After eight years, Cronenberg is finally back with the simple premise: what if humans could no longer feel pain? And, for the most part, he’s able to expand on this idea to create one of his most interesting features, and a very welcome return to cinema. It’s certainly a movie to avoid if you want something flat-out scary, but if you’re looking for something more idea-driven, this could be a great watch.Normally, Cronenberg films can be divided into two distinct types: the spectacle-driven horror movies (Videodrome, Naked Lunch) and the ideological social dramas (A History of Violence, Eastern Promises). For a while they just existed as two very different phases of his career, miles apart in both tone and theme. But with Maps to the Stars, his previous film, Cronenberg created a bold and memorable mix of them: one moment is a disturbing encounter with a ghost, the next is social commentary on Hollywood celebrities.This trend continues in Crimes of the Future to an even more extreme degree, with disgusting body mutilations and musings on the nature of evolution existing side-by-side. It’s one of his most intellectual features, deftly exploring the fascinating world he has created and letting the audience mull over its implications.The clinical direction and cinematography can understandably be off-putting to some people. But it helps create a sterile, almost casual atmosphere, one that does a good job of conveying the future’s lack of emotional attachment to the human body. It’s no longer a remarkable work of nature, but merely a blank slate that’s to be molded however you wish.A movie like this can really fall apart if the acting’s not up to par, but luckily the cast is uniformly great. They’re all more than capable of selling this idea of a post-pain world in which humans rip out and mangle their own organs in front of entranced onlookers. Kristen Stewart has the most difficult job of everyone (for reasons that are too intriguing to spoil), and she absolutely nails it. She’s awkward, funny, and disturbing in equal proportions. Although it is disappointing that she’s somewhat underused in the movie, what little screen time she has is very effective.Is Crimes of the Future a perfect movie? Definitely not. It’s overly indulgent at points, some of the supporting characters don’t have a lot to do, and its message about humanity and technology doesn’t have the resonance it should. But ultimately, the film accomplishes nearly everything it strives for: it’s gross, psychologically stimulating, restrained in all the right ways, and a thoroughly satisfying film overall. I’m thrilled to see what Cronenberg does next.Final Score: 77/100.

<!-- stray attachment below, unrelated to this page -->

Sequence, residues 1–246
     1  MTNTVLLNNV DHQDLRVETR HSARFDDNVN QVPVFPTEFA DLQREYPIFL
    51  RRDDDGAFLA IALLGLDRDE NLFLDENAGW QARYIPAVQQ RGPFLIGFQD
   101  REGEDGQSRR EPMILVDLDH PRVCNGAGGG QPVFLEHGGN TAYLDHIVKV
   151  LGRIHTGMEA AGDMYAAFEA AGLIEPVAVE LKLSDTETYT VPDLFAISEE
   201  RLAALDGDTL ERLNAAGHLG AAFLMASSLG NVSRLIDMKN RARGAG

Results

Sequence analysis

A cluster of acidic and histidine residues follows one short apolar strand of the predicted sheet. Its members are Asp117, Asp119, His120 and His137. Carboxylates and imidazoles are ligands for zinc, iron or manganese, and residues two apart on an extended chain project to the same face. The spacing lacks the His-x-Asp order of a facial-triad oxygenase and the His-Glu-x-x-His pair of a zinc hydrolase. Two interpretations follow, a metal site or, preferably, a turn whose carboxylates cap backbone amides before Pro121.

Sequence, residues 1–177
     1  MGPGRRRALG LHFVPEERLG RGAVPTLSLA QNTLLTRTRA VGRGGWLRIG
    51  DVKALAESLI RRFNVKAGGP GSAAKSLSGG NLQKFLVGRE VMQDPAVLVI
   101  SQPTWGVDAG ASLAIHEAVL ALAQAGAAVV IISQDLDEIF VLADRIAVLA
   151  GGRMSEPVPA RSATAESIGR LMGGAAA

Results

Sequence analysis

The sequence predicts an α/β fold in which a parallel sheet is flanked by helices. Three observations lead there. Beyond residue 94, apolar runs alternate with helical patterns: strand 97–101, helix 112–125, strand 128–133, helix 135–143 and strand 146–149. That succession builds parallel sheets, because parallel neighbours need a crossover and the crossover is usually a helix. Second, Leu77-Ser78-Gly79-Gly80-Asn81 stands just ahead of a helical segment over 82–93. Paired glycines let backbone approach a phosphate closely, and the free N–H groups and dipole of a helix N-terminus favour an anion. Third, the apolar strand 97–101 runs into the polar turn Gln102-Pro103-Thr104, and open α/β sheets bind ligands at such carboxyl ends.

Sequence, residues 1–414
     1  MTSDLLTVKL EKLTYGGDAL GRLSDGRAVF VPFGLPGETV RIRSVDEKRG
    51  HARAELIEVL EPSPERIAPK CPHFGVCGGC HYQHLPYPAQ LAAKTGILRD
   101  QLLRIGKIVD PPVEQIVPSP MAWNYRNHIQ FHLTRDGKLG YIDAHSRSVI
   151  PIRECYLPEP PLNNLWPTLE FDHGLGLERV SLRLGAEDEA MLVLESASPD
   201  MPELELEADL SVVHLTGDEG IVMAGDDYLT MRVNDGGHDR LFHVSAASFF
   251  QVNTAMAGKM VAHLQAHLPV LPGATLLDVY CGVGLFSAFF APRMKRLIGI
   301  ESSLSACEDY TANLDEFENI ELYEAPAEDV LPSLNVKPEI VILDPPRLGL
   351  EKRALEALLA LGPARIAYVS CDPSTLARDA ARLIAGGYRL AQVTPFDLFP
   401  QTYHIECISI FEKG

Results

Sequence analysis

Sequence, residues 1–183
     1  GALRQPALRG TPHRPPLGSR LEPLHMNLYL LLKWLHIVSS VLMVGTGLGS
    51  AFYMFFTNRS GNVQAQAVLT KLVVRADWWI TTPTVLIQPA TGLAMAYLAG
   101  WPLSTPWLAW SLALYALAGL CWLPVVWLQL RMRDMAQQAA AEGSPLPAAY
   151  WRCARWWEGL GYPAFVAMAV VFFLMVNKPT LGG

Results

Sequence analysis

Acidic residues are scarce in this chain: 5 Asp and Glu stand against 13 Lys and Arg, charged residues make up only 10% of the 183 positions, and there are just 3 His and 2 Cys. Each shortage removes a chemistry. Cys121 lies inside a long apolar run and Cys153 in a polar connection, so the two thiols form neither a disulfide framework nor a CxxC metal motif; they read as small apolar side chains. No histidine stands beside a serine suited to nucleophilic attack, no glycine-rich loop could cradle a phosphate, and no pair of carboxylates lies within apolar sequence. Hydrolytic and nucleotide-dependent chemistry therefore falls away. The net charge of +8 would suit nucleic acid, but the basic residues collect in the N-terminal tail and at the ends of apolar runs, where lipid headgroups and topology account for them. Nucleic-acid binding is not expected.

Stars : Viggo Mortensen, Léa Seydoux, Kristen Stewart, Viggo Mortensen, Léa Seydoux, Kristen Stewart
Genre : Drama, Horror, Sci-Fi